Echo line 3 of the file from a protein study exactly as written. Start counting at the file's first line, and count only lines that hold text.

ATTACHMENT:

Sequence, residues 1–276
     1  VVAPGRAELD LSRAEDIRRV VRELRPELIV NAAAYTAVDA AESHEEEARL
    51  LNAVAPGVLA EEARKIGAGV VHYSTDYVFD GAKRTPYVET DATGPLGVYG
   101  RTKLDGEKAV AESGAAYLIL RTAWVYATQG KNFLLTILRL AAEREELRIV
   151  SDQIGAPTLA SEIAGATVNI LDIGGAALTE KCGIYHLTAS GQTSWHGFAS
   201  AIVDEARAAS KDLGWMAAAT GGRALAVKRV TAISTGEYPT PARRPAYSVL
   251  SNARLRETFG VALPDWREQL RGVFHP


    51  LNAVAPGVLA EEARKIGAGV VHYSTDYVFD GAKRTPYVET DATGPLGVYG